Venue for Iran talks is a 'gilded cage' under constant surveillance

Constant eavesdropping and windowless meeting rooms: Nuclear negotiators work amid luxury but little comfort

When negotiators at the Iran nuclear talks in this gracious Alpine city wake up in the plush surroundings of the neo-baroque Beau Rivage Palace Hotel, they can gaze from their balconies at the inspiring sweep of Lake Geneva.

They had best take a good look. After a few moments, they’re obliged to rush down to a conference room with no windows or outside air where they sit, hour upon hour, debating fine points of uranium enrichment, banking sanctions and plutonium reprocessing.

Outside, the hotel has a spa, an indoor-outdoor pool, a red-carpeted tennis court, four restaurants and a swank bar usually haunted by Europe’s richest. But for all their access to the amenities in Lausanne, the negotiators might as well be in Cleveland.

“They’re in a gilded cage,” said Ali Vaez, an Iran expert with the International Crisis Group in Istanbul, Turkey, who has been attending Iran negotiations for years.

The eyes of the world are on the Beau Rivage this week, as representatives of Iran and six world powers seek to work out details of a preliminary agreement to curb Iran’s disputed nuclear program.

Their target for finishing is midnight Tuesday, although that deadline is self-imposed, and negotiators could extend it. The real deadline, at least for the U.S. delegation, is April 13, when Congress returns to work, planning to take up a bill that would impose new sanctions against Iran.

TV crews have captured Secretary of State John F. Kerry riding his bike around the lake and Iranian Foreign Minister Mohammad Javad Zarif taking walks along its shores. Such outings allow for fresh air and also, sometimes, an escape from the pervasive electronic eavesdropping that all parties involved in the talks -- as well as interested nations such as Israel -- are believed to conduct.

Most of the time, however, the negotiators and their staffs remain hunkered down indoors, laboriously talking.

One participant and his wife had a baby girl 18 months ago, but he has seldom seen his new daughter since, Vaez said. Another official said he had flown back and forth across the Atlantic more than 50 times since late 2013. Some U.S. officials were in Vienna, an earlier negotiation site, so often that they rented apartments.

At times, Iranian negotiators have had to work long hours even though they were fasting for religious holidays.

For all the luxury of the surroundings, “it’s a hard slog,” said Gary Samore, who took part in the talks as President Obama’s top nonproliferation advisor in the first term. That’s particularly true of negotiations with the Iranians, who are known for their haggling. Shifting positions at the last minute is seen as smart negotiating in Iran, but the approach drives many Americans crazy, Samore said.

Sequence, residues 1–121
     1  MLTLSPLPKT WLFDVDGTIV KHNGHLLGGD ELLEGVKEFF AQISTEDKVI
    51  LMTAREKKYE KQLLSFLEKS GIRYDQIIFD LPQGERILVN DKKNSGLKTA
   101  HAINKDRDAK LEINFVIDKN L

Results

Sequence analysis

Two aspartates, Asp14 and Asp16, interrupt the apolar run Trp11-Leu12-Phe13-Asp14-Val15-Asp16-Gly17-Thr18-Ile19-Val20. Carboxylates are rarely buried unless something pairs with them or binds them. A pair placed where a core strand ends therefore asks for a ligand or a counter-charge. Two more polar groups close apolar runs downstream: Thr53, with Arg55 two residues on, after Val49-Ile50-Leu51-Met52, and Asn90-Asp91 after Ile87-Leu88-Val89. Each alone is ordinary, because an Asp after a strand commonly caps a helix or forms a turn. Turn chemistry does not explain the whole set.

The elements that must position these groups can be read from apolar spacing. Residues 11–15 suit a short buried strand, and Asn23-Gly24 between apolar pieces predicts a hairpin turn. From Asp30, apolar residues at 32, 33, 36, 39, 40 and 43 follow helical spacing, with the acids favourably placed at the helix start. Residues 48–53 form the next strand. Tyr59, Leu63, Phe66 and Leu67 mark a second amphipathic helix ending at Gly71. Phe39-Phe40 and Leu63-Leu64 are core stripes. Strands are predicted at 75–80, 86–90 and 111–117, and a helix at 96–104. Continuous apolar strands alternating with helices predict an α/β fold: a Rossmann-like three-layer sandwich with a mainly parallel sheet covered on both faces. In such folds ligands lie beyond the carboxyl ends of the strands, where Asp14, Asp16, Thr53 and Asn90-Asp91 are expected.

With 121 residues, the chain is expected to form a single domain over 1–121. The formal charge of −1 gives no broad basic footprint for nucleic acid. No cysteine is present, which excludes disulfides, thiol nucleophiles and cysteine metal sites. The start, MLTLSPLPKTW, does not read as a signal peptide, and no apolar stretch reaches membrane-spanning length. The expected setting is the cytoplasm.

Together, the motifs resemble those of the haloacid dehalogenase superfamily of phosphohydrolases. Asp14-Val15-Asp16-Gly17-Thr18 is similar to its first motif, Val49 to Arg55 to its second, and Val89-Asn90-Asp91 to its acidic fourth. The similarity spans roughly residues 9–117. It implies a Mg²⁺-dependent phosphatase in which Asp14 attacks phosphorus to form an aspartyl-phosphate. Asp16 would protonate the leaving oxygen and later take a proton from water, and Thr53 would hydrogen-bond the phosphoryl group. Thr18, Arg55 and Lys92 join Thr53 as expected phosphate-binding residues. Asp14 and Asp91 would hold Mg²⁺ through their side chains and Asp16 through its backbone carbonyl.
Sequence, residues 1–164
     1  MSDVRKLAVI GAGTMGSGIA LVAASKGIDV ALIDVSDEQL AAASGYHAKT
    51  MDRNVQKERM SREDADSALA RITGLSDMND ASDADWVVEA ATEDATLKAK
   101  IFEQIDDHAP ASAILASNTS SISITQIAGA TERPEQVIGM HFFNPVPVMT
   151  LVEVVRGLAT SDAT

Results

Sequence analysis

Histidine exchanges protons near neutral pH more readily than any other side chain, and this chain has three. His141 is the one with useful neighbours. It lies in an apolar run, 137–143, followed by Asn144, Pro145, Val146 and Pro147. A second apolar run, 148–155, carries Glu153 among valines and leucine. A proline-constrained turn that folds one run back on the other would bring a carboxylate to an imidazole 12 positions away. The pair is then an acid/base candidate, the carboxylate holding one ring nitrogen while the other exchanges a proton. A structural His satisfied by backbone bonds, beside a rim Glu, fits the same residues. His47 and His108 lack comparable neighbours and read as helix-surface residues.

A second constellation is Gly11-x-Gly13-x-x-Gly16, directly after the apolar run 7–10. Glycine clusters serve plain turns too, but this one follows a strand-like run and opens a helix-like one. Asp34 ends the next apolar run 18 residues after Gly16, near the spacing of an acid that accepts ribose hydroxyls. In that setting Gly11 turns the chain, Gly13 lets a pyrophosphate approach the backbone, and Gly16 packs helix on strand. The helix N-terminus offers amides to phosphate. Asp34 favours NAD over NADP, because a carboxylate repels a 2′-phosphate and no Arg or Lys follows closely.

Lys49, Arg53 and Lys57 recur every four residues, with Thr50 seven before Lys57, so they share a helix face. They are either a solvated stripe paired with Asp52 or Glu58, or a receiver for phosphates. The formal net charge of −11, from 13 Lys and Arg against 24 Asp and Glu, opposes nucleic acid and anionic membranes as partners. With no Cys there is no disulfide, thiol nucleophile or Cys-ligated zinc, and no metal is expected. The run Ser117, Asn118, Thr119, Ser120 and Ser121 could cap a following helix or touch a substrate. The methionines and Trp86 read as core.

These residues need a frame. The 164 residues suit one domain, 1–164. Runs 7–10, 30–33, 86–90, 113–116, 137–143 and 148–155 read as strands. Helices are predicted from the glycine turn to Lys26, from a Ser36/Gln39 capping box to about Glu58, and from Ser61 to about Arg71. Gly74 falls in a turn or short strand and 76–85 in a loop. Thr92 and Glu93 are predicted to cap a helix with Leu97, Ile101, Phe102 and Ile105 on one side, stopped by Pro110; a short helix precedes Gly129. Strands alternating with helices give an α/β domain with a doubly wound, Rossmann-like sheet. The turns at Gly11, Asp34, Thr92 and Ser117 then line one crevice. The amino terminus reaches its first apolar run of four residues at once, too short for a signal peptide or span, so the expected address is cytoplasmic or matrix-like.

The presumed constant surveillance heightens the claustrophobic tension. Negotiators assume practically all indoor conversations are targeted -- often by multiple spy services -- making even routine telephone calls a tense exercise in remembering what not to talk about. Sometimes the electronic traffic is so heavy, it’s not possible to make a phone call.

Last year, when talks were taking place in Vienna, a city that is a major United Nations center and was a spying headquarters during the Cold War, Iranians complained that they couldn’t make mobile phone calls because of the intensity of the electronic eavesdropping.

That was one reason for moving the current round of talks here -- a lakeside city that is slightly more detached from the constant intrigue. Another reason, though, was the boredom that sets in even amid the most luxurious surroundings.

For most of 2014, the talks were carried on in the Palais Coburg, a luxury boutique hotel built in Vienna in the 1800s by Prince Ferdinand of Saxe-Coburg and Gotha. It’s an establishment where every guest is greeted with a bottle of champagne.

But after months of talks, the fine buffet served day and night began to seem too familiar. Griping grew about the daily appearance of turkey schnitzel, the poultry variant of the deep fried national dish of Austria.

Early this year, diplomats moved -- in February to the posh Hotel President Wilson in Geneva, then to the Montreux Plaza Hotel at the east end of Lake Geneva in early March, then here in mid-March.

The Beau Rivage might have been a public relations blunder from the Iranian point of view. It was here that Western nations forced concessions on another Muslim power in the 1923 Treaty of Lausanne, which broke up the Ottoman Empire. (There’s a dispute about whether the treaty was actually drafted at another hotel, the Chateau d’Ouchy.)

It may be that the best way to get a deal is not to traipse through the best five-star hotels in Europe, but to sit negotiators down in boring, even grim, surroundings to focus their attention.

That’s what U.S. diplomat Richard Holbrooke did in 1995, when he forced the warring parties in the Bosnia-Herzegovina civil war to work out their differences at a drab airbase in Dayton, Ohio.

But Iran and the six world powers in the talks -- the U.S., Britain, China, France, Germany and Russia --  are happy with the security, convenience and comfort of the five-stars -- even if they rarely enjoy the luxury.

“There is a long diplomatic tradition in this,” Vaez said.

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